The frame of the motor 11 has an axially extending hub 29 generally coaxial with the motor rotor axis 31 and extending a substantial distance therealong. The resilient mounting member or cushion ring 27 embraces the hub 29 and the ring and hub include mating portions such as the axially extending projections or splines 33 which mate with corresponding axially extending grooves in the annular ring 27 so as to allow axial movement of the ring 27 on the hub while preventing relative rotation between the ring and hub. The arm 23 of the support base of course engages the ring 27 to support the hub and the ring 27 is secured to the cradle base by a clamping arrangement 35.
As thus far described the hub 29 is still free to move axially within the ring 27 and completion of the mounting desirably includes some further connection between the motor frame and the support base to preclude further relative axial movement between the ring and hub. This may be accomplished by a second similar ring on the axially extending hub of end shield 17 as more clearly depicted in FIG. 2.
The resilient mounting arrangement for the rotating machine 11 illustrated in FIG. 2 includes the pair of opposed end shields 15 and 17 with hubs 29 and 37 extending therefrom in opposite directions and generally along the machine axis 31. A resilient annulus 39 conforms to the peripheral surface of hub 37 and may be axially fixed relative to that hub 37. The other resilient annulus 27 has its interior conforming to the periphery of hub 29 and is, as previously described, axially movable along that surface to vary the axial separation between the two resilient annuli to thereby accommodate differing machine mounting brackets such as 21 and 41. As previously described, the periphery of hub 29 and the resilient annulus 27 include mating deviations from a circular configuration so as to prevent rotation of that annulus relative to the second hub 29 and these deviations may include splines on the hub 29 and corresponding axially extending grooves along the annulus interior. Other deviations from a circular configuration could of course be employed such as forming the hub in a polygonal shape or forming that hub with grooves and the ring with interior mating projections and even a simple keyway in each of the hub and ring along with a key interconnecting the two members could be employed.
Adapting the mounting arrangement illustrated in FIG. 2 to a selected one of a plurality of different size cradle bases should now be readily understood. The axial separation between the cushion rings 27 and 39 is appropriate for engagement with the cradle base 21 as illustrated, however, if it is desired to support the motor in cradle base 41, the cushion ring or mounting member 27 is axially displaced on its pertaining hub 29 to position the mounting members or rings 39 and 27 axially in alignment with the respective extremities of the arms 43 and 45 of cradle base 41. The mounting members 39 and 27 with ring 27 now in the position illustrated in dotted lines as 47 are juxtaposed with the respective arm extremities and the mounting members secured to those arms. The respective arms 43 and 45 extend generally parallel to one another and the axial separation between these two arms varies from manufacturer to manufacturer. The hub 29 extends from the motor end shield 15 for about one and one-half inches while the width of the annulus 27 in the direction of the axis 31 is about three-eighths of an inch.Iadd., a dimension which is substantially less than the axial length of the associated hub 29, about a 1 to 4 ratio in the exemplification, .Iaddend.thereby allowing the motor mounting arrangement to accommodate .Iadd.a number of .Iaddend.cradle bases varying in length by as much as one and one-eighth inches. .Iadd.As best seen in FIG. 2, the axial length of hub 29 is a number of times greater than that for annulus 27 and the same side of annulus 27 is adapted to face the end shield 15 for each of the different cradle bases which may be utilized with the annulus. .Iaddend.The particular contour of the cradle portion of arms, such as 43 and 45 is also variable among manufacturers, being typically a radius of curvature which is circular and adapted to cushion ring diameters of either two and one-quarter or two and one-half inches. The securing of the mounting members to their respective arms as well as the adapting of the mounting members to varying radii of curvature in the cradle portion is illustrated in FIG. 3.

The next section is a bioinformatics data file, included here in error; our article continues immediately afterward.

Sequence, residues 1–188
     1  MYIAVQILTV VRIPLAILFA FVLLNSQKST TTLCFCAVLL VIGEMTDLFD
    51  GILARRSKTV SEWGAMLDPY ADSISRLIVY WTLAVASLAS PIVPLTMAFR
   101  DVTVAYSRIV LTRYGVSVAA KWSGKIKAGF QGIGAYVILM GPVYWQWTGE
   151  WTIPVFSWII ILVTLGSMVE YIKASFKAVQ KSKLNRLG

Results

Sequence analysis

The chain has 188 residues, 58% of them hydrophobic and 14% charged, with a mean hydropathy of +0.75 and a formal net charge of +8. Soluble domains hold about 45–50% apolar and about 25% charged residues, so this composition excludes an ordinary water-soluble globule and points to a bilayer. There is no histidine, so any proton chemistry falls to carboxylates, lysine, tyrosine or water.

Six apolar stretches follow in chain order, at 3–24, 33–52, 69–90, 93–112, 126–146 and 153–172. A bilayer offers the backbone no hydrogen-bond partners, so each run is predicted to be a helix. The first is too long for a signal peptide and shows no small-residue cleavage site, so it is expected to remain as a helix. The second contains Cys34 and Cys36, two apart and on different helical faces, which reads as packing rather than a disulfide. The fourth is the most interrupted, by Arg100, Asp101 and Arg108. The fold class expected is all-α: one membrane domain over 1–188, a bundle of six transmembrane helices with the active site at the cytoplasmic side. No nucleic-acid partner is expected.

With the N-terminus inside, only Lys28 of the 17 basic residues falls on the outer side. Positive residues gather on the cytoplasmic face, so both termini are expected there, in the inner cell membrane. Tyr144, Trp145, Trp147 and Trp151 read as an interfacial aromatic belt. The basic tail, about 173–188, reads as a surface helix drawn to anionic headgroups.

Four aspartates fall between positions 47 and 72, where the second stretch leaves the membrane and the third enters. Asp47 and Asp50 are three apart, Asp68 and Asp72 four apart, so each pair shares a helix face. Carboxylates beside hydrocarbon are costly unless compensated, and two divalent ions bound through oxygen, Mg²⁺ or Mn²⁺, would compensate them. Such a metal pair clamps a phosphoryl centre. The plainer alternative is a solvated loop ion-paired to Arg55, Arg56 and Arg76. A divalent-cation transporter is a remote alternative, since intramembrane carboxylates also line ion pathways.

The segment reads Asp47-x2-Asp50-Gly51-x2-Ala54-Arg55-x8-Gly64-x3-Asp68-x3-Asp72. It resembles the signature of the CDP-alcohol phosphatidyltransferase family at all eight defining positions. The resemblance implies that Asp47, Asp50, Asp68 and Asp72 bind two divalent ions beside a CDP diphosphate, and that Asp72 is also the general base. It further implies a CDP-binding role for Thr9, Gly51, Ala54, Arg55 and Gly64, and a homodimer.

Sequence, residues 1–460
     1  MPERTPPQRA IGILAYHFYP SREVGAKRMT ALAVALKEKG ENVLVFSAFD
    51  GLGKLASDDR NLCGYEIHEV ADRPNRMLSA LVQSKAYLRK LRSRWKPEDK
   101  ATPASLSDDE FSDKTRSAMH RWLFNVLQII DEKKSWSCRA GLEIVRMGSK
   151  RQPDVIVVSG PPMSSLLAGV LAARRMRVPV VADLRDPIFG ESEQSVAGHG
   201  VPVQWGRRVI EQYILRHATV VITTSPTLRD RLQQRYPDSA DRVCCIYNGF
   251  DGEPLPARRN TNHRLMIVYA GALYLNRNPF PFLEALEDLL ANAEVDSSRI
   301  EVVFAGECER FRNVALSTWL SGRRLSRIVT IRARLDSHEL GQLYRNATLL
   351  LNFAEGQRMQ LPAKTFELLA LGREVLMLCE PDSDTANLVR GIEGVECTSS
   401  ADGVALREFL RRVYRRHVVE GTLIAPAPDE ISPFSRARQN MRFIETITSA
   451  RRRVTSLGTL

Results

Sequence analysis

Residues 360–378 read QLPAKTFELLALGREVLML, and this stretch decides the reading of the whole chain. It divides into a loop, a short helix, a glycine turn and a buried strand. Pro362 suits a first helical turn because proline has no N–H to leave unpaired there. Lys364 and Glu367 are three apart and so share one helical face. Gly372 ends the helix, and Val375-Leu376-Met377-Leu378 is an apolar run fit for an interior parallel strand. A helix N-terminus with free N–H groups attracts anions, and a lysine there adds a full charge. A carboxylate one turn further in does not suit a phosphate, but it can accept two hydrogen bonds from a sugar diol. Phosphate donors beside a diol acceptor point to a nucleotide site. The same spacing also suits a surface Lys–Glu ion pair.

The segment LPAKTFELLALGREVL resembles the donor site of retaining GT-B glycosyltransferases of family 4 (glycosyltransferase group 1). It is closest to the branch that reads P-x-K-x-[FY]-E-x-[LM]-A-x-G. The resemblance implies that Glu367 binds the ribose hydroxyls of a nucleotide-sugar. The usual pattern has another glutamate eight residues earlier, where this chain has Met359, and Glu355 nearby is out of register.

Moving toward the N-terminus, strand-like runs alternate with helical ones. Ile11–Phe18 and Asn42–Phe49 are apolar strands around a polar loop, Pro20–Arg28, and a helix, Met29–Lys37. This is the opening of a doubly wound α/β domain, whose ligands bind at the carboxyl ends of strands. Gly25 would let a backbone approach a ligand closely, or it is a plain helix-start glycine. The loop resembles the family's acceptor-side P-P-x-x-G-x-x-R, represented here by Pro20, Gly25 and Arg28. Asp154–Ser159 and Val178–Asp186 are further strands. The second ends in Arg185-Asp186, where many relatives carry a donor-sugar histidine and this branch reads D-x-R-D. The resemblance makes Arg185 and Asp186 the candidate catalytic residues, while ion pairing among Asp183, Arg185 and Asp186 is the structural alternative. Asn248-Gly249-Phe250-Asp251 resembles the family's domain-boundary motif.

In FIG. 3 an annular filler strip 49 is employed to conform the base arm 23 radius of curvature 51 to the radius of curvature 53 of the cushion ring 27. This annular filler strip 49 provides further adaptability of the mounting arrangement of the present invention and may be slotted, for example at 55, to collapse somewhat when the clamping band 35 urges the filler strip 49 into engagement with arm 23 and annulus 27. The clamping band 35 may be in two parts joinable by a tightening screw 57 with each part including a slot 59 and 61 which may be hooked over corresponding tangs or projections 63 and 65 whereupon the tightening screw 57 is tightened to securely clamp the cushion ring 27 to the arm 23. An arrangement as illustrated in FIG. 3 may be used at each motor end for clamping both cushion ring 27 and cushion ring 39 firmly in the cradle base.
From the foregoing it is now apparent that a novel method and apparatus for supporting a motor having cradle engageable rings at opposite ends in the arms of a selected one of a plurality of different size cradle bases has been presented meeting the objects and advantageous features set out hereinbefore as well as others. Modifications may be made by those having ordinary skill in the art without departing from the spirit of the invention or the scope thereof as illustrated by the claims which follow.
|1||General Electric Bulletin No. GEC-1041B-Dec. 1960.|
|2||General Electric Bulletin No. GEZ-3156(p.3), Mar., 1961.|
|3||General Electric Publication No. 723-42, May 15, 1961.|
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|U.S. Classification||248/581, 310/91|
|International Classification||F16M1/04, H02K5/00, F16M5/00|
|Cooperative Classification||F16M5/00, H02K5/00, F16M1/04|
|European Classification||H02K5/00, F16M5/00, F16M1/04|